I do like finding walkies of people I know, and this first one (WP879) came to light only a few weeks ago when I was visiting relatives and remembered to ask. It shows my late Uncle with his two youngest children (the family lived in Hull), and was taken in the East Yorkshire coastal town of Filey around 1957. They’re clearly just heading onto the beach and I like the casual gear my Uncle is wearing, very wide trousers, jumper and open necked shirt.
I cannot quite work out where on the Filey seafront it was taken as there have been a lot of changes, but will have a look next time I’m over that way. But it does really show how the walkie could capture so well a very ordinary moment that would otherwise have been forgotten.
It is also another tiny piece of the walkie story as it’s the first example taken in Filey I have seen. It is a seaside resort but quite peaceful, and perhaps didn’t generate the trade to attract many walking picture operators. It is unmarked and looks like it might have originally been one of a pair judging by the way it is roughly cut at the bottom edge.
The second walkie is another which turned up in my Aunt’s photo albums. It shows my Great Uncle William striding down Marlborough Terrace, and the young girl is my Aunt, who was then attending Bridlington High School for Girls, so it would be around 1937 (the family were living on Cardigan Road in the town). The walkie is also unmarked and would be one of a strip of three originally. The same firm took lots on this stretch of road, and given it is so busy you can see why. Coaches also used to stop off here to drop day trippers.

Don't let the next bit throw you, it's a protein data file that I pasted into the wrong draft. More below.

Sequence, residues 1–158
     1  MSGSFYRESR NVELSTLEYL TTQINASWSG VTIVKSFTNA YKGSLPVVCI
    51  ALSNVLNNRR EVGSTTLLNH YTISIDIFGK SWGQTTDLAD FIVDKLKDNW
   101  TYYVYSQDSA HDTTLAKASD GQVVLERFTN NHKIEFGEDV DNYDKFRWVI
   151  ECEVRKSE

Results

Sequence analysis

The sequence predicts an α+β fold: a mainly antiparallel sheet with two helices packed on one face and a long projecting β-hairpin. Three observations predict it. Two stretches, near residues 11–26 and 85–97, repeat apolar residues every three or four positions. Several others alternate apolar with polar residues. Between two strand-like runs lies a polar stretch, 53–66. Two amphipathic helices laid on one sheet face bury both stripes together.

I have another walkie of them on almost exactly the same spot taken on a different day. As residents of the town they must have come across walkie cameramen before, but seem to be either ignoring him, too busy chatting (or “here’s another ruddy cameraman, pay no attention,” knowing my Uncle). But they still bought the strip. The woman to their immediate right dressed like a nurse or perhaps a maid is certainly looking straight into the lens.
Both walkies have an everyday feel about them which really crosses the years. I can even connect the two walkies, as the young girl in the Bridlington print married the gentleman in the Filey print in 1964… There are some more formal family photographs of the pair on the site.
Although not walkies, Butlin Holiday Pictures have a similar casual feel about them and the system operated in much the same way. Butlin’s allowed (and employed) photographers to work on their sites to snap visitors during their holidays, and you could then pick up a postcard print from the site photo booth later. The booths also developed, printed and sold film, cameras and other odds and ends to holiday-makers.
As far as I know walkies were not taken, and people just stood and posed for the photographer. Very popular were shots of people riding the bicycle buggies to get around the camp. I do have a few Butlins Snaps and most are like the example here. They can easily be identified by the corner flash, “A Butlin Holiday Picture”, just set on a piece of clear plastic in the corner of the photo frame during exposure in the darkroom.
This Butlin’s postcard has the date stamped on the back, 20th August 1948, plus an index number which probably corresponds to a ticket given to the customers. The two teenage lads are very tidily dressed, white shoes, slacks, short sleeved shirts and ties and also have a Butlin enamel badge on. As Butlin’s changed the designs of these each season, using the Bygone Butlins site I have identified this as Filey.
I do not know who the lads are for certain, but the one on the left may be a member of the Hirst family, and is seen ‘walking out’ with a Miss Bradbury in a few walkies (which we have on the site!). They came from the Huddersfield area so this makes the Filey holiday their nearest Butlins.